1. Not exactly. It was a period in which prices fell due to improvements in production; the money supply wasn’t contracting.

              -jcr

        2. I don’t presume to know who the “average American” is, nor what is going to make life easier for him or her (does the average American have a gender?). I got fired in 2008 and have not earned steadily since. I am a “victim” of massive and unprecedented inflation, having bought a house in 2006. My 2009 1040 will be a fraction of my 2008. The one thing I have going for me is that right now the few dollars I have buy more than they did last year.

          To say deflation is in of itself bad is as absurd as saying that it’s good. It’s a reflection of market conditions and creates opportunities like any other. It is the natural direction of the economy right now, and heroic efforts to prevent deflation are not victimless: Buyers benefit from deflation, and they get screwed when the game is rigged to prevent prices from falling.

          And don’t tell me the switch to a positive savings rate is immaterial to your larger point. You don’t have a larger point.

          1. Duh: Make that “lasting and unprecedented deflation

            Also, I didn’t mean to sound brusque, despite the generally dickheaded tone of your comment. Sorry about that.

            1. Well the deflation IS the logical outcome of the previous inflation, so you ARE the victim of the lasting and unprecedented inflation. Can’t have downs without ups.

    2. Deflation has nothing to do with prices or wages. Its a measure of money supply not prices of goods.

    3. If one really gets into it, the discussion shouldn’t be over inflation vs deflation, but about government spending.

      Deflation can be good or bad depending on the cause.

  4. In September ’08, Bryan Caplan asked for proposals on ways in which we will know whether the bailout worked. His point was that those who don’t commit to a metric in advance have no right to claim vindication later.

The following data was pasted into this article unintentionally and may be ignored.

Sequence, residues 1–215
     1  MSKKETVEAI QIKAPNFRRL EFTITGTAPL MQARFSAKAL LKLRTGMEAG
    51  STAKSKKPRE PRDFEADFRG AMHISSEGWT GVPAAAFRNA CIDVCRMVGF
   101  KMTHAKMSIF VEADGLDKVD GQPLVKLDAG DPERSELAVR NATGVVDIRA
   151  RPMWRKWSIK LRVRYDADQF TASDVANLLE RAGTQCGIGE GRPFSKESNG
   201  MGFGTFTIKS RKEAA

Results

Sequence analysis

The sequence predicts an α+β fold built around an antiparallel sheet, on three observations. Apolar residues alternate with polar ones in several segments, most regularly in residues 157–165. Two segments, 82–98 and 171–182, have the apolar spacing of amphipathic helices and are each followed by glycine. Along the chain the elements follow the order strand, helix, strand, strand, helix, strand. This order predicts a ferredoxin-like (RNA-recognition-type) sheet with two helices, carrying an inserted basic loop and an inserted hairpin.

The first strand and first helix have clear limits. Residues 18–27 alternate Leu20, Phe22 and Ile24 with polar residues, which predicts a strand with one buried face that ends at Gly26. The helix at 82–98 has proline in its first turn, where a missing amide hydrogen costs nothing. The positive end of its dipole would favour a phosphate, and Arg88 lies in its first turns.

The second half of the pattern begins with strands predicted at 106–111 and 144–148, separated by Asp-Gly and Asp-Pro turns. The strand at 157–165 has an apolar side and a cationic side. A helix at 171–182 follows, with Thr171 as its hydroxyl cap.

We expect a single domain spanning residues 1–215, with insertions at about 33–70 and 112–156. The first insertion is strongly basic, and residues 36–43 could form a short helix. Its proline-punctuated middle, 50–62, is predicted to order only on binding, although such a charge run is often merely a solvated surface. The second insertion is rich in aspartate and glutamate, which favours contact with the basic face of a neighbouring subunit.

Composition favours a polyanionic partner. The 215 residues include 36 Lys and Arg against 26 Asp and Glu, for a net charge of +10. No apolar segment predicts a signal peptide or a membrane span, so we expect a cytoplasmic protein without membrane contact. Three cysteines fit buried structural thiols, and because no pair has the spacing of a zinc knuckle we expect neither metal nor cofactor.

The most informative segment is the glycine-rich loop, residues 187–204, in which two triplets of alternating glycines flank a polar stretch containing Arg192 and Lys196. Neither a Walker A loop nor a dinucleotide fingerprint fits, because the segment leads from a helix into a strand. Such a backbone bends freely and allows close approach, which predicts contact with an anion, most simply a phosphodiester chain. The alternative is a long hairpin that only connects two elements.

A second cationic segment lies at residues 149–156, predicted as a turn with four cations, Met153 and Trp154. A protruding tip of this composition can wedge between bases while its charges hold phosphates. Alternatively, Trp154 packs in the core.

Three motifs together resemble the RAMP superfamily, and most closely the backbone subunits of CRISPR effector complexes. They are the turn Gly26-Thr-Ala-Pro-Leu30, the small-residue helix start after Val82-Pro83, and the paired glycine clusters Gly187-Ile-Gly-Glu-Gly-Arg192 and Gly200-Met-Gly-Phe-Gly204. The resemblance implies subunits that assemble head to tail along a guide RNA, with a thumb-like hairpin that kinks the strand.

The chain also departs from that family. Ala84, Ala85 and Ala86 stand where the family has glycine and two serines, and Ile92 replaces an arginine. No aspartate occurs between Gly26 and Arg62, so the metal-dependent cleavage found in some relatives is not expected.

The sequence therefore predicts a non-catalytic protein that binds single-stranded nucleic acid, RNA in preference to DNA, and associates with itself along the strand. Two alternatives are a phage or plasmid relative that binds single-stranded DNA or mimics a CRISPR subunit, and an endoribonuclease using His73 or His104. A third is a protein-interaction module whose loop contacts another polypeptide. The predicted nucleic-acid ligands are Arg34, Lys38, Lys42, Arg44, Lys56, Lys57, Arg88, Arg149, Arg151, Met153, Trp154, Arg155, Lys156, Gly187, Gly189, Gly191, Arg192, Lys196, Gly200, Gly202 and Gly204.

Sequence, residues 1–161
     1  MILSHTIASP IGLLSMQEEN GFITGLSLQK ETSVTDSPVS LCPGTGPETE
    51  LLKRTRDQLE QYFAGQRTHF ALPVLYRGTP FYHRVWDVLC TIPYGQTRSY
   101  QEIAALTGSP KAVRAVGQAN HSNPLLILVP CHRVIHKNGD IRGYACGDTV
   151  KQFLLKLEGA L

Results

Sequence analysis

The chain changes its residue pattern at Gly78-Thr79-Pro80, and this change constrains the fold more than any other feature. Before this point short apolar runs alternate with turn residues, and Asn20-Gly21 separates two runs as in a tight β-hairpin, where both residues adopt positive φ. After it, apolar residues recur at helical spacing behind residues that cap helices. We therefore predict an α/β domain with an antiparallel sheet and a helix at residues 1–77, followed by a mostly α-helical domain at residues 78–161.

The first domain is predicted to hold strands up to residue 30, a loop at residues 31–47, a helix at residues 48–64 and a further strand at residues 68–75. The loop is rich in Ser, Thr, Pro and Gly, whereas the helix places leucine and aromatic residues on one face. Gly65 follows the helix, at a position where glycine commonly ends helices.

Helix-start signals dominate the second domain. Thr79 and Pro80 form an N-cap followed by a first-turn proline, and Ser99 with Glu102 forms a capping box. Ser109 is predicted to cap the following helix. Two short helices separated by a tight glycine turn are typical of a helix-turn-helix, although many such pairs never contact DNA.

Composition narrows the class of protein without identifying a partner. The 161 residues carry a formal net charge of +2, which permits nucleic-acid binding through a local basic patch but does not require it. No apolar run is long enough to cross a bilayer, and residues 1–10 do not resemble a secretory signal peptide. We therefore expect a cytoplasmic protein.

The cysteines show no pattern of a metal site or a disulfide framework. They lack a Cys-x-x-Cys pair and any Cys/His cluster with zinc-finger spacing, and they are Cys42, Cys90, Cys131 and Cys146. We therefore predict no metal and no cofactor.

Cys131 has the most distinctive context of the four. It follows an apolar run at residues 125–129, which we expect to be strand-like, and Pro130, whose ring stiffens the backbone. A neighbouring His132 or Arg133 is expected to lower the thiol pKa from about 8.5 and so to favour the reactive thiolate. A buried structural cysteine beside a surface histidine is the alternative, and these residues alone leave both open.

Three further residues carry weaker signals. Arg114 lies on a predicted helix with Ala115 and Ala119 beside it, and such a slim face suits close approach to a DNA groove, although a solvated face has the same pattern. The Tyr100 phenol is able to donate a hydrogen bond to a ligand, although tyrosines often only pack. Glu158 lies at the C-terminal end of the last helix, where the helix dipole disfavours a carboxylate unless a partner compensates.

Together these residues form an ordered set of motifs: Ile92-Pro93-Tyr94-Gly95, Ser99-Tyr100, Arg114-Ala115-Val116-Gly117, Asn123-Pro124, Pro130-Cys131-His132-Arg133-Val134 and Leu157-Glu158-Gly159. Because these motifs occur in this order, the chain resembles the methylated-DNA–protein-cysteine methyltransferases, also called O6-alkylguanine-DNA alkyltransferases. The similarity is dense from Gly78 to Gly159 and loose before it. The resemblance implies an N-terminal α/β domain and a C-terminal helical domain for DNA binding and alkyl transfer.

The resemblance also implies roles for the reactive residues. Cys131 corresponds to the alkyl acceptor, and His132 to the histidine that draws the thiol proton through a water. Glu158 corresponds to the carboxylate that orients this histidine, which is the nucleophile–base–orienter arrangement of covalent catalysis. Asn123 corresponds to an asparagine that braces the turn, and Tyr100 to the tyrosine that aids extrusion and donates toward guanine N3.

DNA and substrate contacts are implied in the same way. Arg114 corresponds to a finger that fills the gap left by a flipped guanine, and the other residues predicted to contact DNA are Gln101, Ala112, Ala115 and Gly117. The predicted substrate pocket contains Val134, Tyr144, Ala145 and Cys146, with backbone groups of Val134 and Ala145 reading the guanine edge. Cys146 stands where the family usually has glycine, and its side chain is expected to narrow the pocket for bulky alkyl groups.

5. Shouldn’t the war be agaisnt those rich politicians and bankers who make sure the poor remain poor?

    http://next-world-war.blogspot.com

    1. I think the war should be against blog-whoring.

  6. Romer asserts that the $787 billion American Recovery and Reinvestment Act

    *sigh* when are we going to get this right?

    It’s the American Structured Securities Rescue Act for a Prudent Economy.

    1. So. Awesome.

  7. The accomplishment of walking the American economy back from the edge of a second Great Depression is real and deserves to be celebrated. But, it deserves to be celebrated only in the same way that victory in one battle in the midst of a necessary war deserves to be celebrated.
    I scratched my ass on Jan 20th and that is what pulled “the American economy back from the edge of a second Great Depression” but I don’t go bragging about it even though it “deserves to be celebrated only in the same way that victory in one battle in the midst of a necessary war deserves to be”.

    Goddam, the hubris displayed is just fucking mind boggling.

  8. Trying again –

    The accomplishment of walking the American economy back from the edge of a second Great Depression is real and deserves to be celebrated. But, it deserves to be celebrated only in the same way that victory in one battle in the midst of a necessary war deserves to be celebrated.

    I scratched my ass on Jan 20th and that is what pulled “the American economy back from the edge of a second Great Depression” but I don’t go bragging about it even though it “deserves to be celebrated only in the same way that victory in one battle in the midst of a necessary war deserves to be”.

    Goddam, the hubris displayed is just fucking mind boggling.

  9. It doesn’t matter what the survey says; it matters what the truth is.

    That ship sank years ago. I’m going Galt until the country gets back to its senses.

  10. Emperor norton,

    How much have wages declined?

  11. Ronald Reagan was elected in 1980, and we avoided a depression worse than The Great One a mere 30 years later. That is clear cause and effect (*), and we can all thank RR for any good economic news we hear.